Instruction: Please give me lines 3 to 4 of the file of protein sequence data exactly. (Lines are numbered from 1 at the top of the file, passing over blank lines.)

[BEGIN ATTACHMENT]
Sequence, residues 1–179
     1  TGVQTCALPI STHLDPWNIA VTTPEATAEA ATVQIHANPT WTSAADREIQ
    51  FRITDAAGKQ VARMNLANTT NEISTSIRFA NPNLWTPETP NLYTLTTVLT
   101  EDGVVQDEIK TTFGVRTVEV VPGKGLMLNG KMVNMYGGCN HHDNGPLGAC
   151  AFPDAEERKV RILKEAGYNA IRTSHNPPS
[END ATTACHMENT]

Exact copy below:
    51  FRITDAAGKQ VARMNLANTT NEISTSIRFA NPNLWTPETP NLYTLTTVLT
   101  EDGVVQDEIK TTFGVRTVEV VPGKGLMLNG KMVNMYGGCN HHDNGPLGAC